HomeHome SearchSearch MenuMenu Our productsOur products

Watch the Shuttleworth vs. government case closely if you're considering moving your business assets offshore...

by , 12 June 2013
Billionaire Mark Shuttleworth is taking the South African government to court. In his legal bid, Shuttleworth aims to have the South Africa's exchange control system declared unconstitutional. Here's why you should watch this impending case closely if you're looking to move your business assets out of SA...

Entrepreneur Mark Shuttleworth wants the courts to declare the Currency and Exchange Act of 1993 unconstitutional, writes FSP Invest.

He argues that the Act was unconstitutional and that it gave the president unfettered legislative powers, explains BDlive.

According to BDlive, Shuttleworth wants the North Gauteng High Court to set aside a levy of more than R250million he had to pay to get some of his assets out of the country in 2009 and order the Bank to return the money. 'Shuttleworth had assets worth more than R4.27bn in South Africa when he emigrated, but transferred them out of South Africa in 2008 and 2009, each time paying a 10% levy.'

Back then, the Act stipulated that immigrants could only remit up to R8 million of capital offshore upon emigration and the rest of the assets were blocked and could only be released upon paying a 10% exit levy.

Shuttleworth also cites the system as the reason for his emigration to the UK in 2001. His wealth is now split between the UK mainland and tax haven The Isle of Man.

The legal challenge has garnered interests and views from different quarters as it could set a legal precedent for you as a business owner. And that's why you should watch it closely.

Mixed views on Shuttleworth's legal challenge

The SA Reserve Bank (SARB) has said the Shuttleworth's bid could have devastating consequences for the country.

According to Business tech.co.za, Jeremy Gauntlett SC, for the SARB described the legal bid as the 'most radical court order imaginable'.

'If the applicant succeeds in striking down Section Nine of the Currency Act and declaring all orders and rules unconstitutional, there would be no inhibition on removing capital from this country at all.'Section Nine is the heart of the exchange control system and he wants to knock [it] down,' said Gauntlett according to Business tech.co.za.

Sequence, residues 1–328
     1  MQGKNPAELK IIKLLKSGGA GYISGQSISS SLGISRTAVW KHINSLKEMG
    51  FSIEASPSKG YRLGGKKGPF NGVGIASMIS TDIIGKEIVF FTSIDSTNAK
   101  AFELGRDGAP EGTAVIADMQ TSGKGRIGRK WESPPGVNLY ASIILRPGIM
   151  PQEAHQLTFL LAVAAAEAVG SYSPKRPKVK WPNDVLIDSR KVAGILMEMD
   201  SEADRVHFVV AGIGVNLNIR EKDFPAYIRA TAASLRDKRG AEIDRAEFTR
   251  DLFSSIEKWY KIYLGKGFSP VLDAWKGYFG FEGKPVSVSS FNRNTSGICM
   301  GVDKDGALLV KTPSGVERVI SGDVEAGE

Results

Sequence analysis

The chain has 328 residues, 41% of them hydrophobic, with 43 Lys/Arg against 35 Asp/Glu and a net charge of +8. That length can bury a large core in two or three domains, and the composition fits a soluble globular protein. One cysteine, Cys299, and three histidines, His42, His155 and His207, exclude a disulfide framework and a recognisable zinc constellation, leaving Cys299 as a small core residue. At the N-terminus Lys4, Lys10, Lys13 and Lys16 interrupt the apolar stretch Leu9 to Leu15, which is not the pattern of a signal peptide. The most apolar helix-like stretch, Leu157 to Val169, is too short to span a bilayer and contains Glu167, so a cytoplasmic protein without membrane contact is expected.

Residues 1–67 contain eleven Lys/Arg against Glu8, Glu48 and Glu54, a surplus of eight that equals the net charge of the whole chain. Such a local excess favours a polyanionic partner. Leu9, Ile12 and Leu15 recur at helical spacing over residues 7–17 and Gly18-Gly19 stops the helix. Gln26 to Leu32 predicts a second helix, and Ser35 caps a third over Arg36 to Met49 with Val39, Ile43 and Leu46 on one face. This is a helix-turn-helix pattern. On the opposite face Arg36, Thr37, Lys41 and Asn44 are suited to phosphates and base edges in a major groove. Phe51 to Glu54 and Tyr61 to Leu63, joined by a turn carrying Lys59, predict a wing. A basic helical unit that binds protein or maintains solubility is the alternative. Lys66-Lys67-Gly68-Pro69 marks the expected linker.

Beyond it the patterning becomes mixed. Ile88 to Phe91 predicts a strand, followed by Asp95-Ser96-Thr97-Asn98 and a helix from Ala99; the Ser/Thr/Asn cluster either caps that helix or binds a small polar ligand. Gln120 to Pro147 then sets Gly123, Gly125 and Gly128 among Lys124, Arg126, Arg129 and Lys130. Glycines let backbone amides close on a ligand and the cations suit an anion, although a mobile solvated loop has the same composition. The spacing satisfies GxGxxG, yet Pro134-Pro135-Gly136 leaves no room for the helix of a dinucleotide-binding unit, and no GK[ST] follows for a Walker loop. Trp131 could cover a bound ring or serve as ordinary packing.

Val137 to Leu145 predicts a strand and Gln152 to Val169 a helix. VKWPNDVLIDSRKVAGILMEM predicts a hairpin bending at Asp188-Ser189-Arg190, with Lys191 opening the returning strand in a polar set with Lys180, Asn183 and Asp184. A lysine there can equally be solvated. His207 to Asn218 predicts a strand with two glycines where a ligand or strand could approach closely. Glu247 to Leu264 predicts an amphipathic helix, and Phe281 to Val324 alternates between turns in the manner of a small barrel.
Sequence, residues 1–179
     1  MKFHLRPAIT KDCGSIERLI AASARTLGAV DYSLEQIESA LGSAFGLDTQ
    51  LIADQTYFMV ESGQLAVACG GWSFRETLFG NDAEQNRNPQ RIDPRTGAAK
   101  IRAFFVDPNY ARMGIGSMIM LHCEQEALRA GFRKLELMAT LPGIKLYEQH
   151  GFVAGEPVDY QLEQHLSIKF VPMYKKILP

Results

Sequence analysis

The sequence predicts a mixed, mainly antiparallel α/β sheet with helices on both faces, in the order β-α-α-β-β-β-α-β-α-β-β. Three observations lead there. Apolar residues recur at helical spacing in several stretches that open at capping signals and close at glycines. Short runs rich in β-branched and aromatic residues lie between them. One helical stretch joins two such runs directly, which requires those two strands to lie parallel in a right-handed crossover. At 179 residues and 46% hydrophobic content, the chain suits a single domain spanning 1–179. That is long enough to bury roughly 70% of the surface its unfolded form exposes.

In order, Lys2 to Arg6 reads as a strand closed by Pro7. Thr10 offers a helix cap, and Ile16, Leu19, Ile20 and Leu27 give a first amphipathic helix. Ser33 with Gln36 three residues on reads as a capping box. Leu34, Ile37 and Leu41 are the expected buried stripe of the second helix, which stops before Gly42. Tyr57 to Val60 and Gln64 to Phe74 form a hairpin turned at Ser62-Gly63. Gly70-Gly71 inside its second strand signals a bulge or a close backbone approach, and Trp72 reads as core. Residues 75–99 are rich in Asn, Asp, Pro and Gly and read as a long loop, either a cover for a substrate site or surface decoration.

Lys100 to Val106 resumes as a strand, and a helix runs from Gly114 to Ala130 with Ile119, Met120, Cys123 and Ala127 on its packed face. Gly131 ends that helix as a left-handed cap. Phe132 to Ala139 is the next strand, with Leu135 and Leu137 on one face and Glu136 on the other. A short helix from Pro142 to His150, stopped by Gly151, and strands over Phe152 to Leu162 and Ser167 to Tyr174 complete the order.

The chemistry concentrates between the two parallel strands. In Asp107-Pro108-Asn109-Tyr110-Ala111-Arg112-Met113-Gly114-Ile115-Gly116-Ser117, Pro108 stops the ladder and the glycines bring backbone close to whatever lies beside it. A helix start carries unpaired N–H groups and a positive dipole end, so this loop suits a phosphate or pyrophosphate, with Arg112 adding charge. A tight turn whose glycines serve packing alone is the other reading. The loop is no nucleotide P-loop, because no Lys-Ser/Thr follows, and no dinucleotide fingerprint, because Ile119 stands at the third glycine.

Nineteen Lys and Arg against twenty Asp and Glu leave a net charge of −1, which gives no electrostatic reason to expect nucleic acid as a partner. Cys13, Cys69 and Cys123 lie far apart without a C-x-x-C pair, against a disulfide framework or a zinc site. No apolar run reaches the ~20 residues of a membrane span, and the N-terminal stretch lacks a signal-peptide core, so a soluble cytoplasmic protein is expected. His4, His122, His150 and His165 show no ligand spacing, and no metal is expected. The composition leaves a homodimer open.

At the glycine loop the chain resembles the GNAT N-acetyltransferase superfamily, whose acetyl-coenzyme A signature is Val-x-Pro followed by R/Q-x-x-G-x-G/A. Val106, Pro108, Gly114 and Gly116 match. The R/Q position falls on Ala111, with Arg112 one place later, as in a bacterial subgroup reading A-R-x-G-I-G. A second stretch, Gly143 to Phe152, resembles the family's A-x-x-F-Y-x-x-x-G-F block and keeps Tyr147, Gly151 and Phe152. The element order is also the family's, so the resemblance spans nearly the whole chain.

Meanwhile, BDlive reports that Webber Wentzel associate Benjamin Cronin, said while there are a number of potential constitutional concerns over provisions in section nine of the Currency and Exchanges Act of 1933, it is difficult to imagine that it is unconstitutional in its entirety.

The application continues before Judge Francis Legodi. The outcome of the case could have a bearing on your business assets and how the current Currency and Exchange Actaffects them.



Related articles




Related articles



Related Products



Comments
0 comments


Recommended for You 

  Quick Tax Solutions for Busy Taxpayers – 35 tax answers at a glance



Here are all the most interesting, thought-provoking and common tax questions
asked by our subscribers over the last tax year – everything from A to Z!

To download Quick Tax Solutions for Busy Taxpayers – 35 tax answers at a glance click here now >>>
  Employees always sick? How to stop it today



Make sure you develop a leave policy to regulate sick leave in your company.

BONUS! You'll find an example of the leave policy and procedure in this report.

To download Employees always sick? How to stop it today click here now >>>
  Absenteeism: Little known ways to reduce absenteeism



This FREE e-report will tell you how you can reduce absenteeism in your workplace while avoiding the CCMA and without infringing your employees' labour rights.

To download Absenteeism: Little known ways to reduce absenteeism click here now >>>
  7 Health & safety strategies to save you thousands



Don't let a health and safety incident cost you one more cent. Implement these seven
strategies in your company today.

To download 7 Health & safety strategies to save you thousands click here now >>>